Along with that I try and take uncluttered pictures of the politician. This isn’t always easy as there is usually someone else with them. This might be a local politician they’re meeting with or a member of their entourage but it’s always a challenge to try and get a picture of them on their own and without distractions.
Obviously it’s a given that during the speech eye contact with the photographer is important in at least a couple of pictures so you train your lens on them for most of the time waiting for the moment they look up and hopefully straight down your lens before firing off a few shots getting the one where they aren’t blinking and are looking straight at you. Once again the more experienced the politician the more they are aware of and do this as they know it makes a better picture. Like I said, it’s all a game.
You’re also looking for wide shots, tight head shots, half-length shots, full-length shots to give a number of different options for using them in the paper. You’re looking for unusual composition and framing. You’re looking to use the light well and try and be different and creative – even though it’s all been done before a thousand times. But you have to try. Sometimes it works other times it doesn’t. You’re looking at reflections, shadows or silhouettes or shooting through gaps or leaving lots of what’s called in photographic terms ‘negative space’ around the subject or shooting them in profile.
Also you’re thinking about the audience and their reaction. This is where listening to the tone and rhythm of a speech comes in as you can then tell when the peak is coming and as such if it’s a particular inspiring speech – that does occasionally happen! Then you can keep one eye on the audience and be ready for their reaction.
So basically you have to watch for everything! From the main event to the smallest details around it whilst also trying to be ready for the unplanned and impromptu. Trying to position yourself well so you can make use of any particular mannerisms. For example Jeremy Corbyn quite often raises a ‘thumb’s up’ sign when he meets party supporters at smaller events if there is applause as he enters and he generally uses his right hand for many gestures through his speech so that’s worth remembering.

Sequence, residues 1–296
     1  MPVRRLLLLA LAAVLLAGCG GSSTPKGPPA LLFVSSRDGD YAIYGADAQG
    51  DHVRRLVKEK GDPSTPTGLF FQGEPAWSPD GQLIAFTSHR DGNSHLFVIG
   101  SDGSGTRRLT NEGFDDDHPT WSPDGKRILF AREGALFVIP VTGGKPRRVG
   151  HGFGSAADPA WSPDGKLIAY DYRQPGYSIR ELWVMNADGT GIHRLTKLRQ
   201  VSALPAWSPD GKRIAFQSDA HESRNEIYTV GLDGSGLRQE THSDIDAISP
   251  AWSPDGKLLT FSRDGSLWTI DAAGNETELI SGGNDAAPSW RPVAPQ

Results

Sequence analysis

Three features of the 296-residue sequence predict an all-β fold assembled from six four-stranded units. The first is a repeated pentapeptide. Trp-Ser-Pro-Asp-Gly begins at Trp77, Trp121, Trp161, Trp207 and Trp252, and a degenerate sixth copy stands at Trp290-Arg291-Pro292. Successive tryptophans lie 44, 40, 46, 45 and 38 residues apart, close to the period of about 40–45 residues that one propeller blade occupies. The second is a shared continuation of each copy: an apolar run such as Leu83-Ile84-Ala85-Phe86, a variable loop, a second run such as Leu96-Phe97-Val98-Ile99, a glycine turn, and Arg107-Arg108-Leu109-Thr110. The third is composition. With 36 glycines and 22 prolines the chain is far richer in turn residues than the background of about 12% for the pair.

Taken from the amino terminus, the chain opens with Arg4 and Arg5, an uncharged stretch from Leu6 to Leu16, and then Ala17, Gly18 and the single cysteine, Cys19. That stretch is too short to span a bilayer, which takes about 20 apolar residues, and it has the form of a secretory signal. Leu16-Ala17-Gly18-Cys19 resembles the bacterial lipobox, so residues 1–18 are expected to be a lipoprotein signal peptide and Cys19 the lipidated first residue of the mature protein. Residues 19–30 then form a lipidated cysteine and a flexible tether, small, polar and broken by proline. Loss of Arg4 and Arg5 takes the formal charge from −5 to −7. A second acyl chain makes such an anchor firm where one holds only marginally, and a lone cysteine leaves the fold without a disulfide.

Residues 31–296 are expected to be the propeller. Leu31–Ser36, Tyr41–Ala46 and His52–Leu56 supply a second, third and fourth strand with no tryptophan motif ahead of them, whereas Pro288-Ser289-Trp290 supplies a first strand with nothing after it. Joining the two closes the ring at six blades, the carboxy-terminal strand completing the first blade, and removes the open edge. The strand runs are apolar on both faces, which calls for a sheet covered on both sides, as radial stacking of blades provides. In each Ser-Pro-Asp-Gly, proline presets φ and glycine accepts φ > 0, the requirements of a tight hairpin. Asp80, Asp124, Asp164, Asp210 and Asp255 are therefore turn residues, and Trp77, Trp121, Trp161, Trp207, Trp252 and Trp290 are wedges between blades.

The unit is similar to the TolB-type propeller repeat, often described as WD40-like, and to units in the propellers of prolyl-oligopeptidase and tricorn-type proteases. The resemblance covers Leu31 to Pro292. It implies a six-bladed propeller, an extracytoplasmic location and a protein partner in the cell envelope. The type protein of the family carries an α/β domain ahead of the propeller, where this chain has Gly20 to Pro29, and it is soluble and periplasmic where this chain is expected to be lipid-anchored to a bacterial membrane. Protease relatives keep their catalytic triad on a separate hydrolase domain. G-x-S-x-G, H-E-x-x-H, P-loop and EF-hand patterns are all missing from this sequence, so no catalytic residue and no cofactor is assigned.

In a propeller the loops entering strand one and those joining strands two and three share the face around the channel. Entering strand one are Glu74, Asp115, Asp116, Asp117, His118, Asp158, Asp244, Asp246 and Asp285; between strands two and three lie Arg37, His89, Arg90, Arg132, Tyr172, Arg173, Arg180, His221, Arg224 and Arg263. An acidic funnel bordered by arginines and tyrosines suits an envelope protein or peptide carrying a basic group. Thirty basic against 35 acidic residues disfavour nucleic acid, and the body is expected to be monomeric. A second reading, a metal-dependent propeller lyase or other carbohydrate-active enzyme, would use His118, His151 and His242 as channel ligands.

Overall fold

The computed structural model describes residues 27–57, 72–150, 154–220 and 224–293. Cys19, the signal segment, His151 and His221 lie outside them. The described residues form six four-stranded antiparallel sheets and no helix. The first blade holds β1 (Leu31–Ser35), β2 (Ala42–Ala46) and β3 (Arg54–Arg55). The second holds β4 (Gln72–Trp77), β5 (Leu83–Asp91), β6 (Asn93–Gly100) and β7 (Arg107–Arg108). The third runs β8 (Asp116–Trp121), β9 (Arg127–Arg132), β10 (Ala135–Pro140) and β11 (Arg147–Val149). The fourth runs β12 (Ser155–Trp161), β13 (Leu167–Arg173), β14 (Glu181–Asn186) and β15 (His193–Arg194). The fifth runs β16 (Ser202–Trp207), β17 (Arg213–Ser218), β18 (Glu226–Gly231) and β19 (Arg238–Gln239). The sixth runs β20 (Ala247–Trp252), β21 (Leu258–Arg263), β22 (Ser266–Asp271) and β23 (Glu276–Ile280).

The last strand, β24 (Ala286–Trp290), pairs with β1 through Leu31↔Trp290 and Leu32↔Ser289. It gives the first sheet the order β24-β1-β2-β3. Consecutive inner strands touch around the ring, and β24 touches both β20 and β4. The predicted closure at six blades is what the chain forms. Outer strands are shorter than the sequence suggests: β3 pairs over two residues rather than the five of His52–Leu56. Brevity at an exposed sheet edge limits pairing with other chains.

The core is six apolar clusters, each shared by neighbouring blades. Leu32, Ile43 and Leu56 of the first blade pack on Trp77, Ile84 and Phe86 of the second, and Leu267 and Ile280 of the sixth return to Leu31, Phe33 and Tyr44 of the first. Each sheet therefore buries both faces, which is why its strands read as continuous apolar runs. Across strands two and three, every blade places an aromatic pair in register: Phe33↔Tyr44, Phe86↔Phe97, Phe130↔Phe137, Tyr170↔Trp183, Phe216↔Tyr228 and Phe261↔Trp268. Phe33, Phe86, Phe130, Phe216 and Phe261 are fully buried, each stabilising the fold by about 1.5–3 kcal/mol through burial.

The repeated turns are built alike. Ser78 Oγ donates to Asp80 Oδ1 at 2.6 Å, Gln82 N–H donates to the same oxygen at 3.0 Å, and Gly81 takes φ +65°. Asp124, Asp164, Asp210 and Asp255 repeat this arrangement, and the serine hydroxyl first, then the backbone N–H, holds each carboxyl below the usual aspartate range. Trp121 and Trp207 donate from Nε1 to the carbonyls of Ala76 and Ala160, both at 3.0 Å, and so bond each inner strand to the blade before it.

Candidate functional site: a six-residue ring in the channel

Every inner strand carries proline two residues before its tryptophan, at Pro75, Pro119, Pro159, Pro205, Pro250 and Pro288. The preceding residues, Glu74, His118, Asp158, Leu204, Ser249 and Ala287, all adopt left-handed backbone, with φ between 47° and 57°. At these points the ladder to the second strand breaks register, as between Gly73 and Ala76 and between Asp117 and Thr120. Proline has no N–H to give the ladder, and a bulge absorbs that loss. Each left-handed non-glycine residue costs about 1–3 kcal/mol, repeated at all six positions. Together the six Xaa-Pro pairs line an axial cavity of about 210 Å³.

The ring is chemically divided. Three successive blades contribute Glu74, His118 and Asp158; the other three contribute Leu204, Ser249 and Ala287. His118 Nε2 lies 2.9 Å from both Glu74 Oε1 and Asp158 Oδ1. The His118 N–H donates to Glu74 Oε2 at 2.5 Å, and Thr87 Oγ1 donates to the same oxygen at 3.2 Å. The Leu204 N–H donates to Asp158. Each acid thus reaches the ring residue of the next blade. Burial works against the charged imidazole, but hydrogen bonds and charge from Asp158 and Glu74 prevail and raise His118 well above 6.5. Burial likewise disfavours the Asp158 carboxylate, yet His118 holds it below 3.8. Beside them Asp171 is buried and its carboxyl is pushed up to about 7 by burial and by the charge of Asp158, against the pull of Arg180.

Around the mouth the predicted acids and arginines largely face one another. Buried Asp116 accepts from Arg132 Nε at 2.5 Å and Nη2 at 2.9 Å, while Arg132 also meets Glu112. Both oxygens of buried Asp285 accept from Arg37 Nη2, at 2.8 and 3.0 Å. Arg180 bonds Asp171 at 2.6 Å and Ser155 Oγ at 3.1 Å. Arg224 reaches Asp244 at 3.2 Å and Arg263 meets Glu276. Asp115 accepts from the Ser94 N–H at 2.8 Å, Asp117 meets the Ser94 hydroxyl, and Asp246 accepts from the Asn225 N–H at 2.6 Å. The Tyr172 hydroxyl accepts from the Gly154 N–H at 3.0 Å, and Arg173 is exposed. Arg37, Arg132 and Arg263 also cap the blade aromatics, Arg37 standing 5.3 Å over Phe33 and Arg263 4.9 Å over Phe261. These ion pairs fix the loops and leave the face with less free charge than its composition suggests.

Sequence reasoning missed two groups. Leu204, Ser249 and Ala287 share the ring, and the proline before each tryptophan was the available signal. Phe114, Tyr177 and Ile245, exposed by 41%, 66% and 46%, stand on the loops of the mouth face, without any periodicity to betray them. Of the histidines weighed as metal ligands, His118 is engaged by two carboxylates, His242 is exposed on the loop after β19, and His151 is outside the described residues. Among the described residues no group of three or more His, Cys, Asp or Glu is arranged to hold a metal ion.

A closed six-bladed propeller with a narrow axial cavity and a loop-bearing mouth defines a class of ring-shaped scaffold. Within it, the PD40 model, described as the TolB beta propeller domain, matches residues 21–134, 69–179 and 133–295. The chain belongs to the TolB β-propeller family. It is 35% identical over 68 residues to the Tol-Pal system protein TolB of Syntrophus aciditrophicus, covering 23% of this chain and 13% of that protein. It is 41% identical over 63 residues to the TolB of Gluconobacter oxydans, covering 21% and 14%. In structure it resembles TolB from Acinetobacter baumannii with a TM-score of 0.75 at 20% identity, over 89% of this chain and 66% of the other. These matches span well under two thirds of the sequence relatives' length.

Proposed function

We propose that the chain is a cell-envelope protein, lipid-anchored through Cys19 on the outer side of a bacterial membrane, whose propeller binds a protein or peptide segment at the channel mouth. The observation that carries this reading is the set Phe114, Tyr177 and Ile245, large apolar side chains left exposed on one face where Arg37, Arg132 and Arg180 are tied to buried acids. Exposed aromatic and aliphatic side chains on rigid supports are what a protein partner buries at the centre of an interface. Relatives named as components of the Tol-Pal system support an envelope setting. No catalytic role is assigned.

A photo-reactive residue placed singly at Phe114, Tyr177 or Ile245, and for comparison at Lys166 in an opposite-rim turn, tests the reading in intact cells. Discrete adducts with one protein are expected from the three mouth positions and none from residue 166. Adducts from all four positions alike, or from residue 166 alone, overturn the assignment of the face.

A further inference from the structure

The more gregarious the politician the more animated they tend to be so it can be easier but the challenge is to get good reaction shots from the less-animated ones where it might not be in their usual character and it’s why I find them interesting to cover even if the politics may not always be as inspiring at times.
So below are a selection of pictures that I shot from the coverage and at the bottom are some that made it into the newspapers and online news sites this weekend…
The pictures below were used in The Times and The Herald and online with the Guardian ‘Photos of the Day’ and the Gazette…
On a technical note all the pictures above were taken with a Fuji X Pro 2 with 16mm f1.4 lens and a Fuji XT1 with 50-140mm f2.8 lens. No flash was used. All pictures were edited in Photoshop and received basic editing. No images have been altered in any other way.
See more of my work on my website and blogs…. HERE
Images copyright Ian Forsyth 2017 / Getty Images